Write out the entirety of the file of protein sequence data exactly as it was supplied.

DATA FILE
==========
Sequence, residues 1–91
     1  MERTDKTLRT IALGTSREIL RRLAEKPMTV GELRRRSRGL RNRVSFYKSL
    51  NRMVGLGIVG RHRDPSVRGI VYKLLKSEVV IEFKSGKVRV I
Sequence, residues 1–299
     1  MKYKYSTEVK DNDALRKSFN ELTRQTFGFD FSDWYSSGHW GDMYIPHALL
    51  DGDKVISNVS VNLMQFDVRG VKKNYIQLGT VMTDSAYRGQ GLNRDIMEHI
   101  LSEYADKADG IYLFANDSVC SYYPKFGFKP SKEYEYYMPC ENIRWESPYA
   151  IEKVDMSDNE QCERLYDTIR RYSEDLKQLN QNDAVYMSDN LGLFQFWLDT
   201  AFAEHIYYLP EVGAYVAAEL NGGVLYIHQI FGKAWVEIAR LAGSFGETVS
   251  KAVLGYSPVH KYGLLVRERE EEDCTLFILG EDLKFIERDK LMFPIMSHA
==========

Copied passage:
Sequence, residues 1–91
     1  MERTDKTLRT IALGTSREIL RRLAEKPMTV GELRRRSRGL RNRVSFYKSL
    51  NRMVGLGIVG RHRDPSVRGI VYKLLKSEVV IEFKSGKVRV I
Sequence, residues 1–299
     1  MKYKYSTEVK DNDALRKSFN ELTRQTFGFD FSDWYSSGHW GDMYIPHALL
    51  DGDKVISNVS VNLMQFDVRG VKKNYIQLGT VMTDSAYRGQ GLNRDIMEHI
   101  LSEYADKADG IYLFANDSVC SYYPKFGFKP SKEYEYYMPC ENIRWESPYA
   151  IEKVDMSDNE QCERLYDTIR RYSEDLKQLN QNDAVYMSDN LGLFQFWLDT
   201  AFAEHIYYLP EVGAYVAAEL NGGVLYIHQI FGKAWVEIAR LAGSFGETVS
   251  KAVLGYSPVH KYGLLVRERE EEDCTLFILG EDLKFIERDK LMFPIMSHA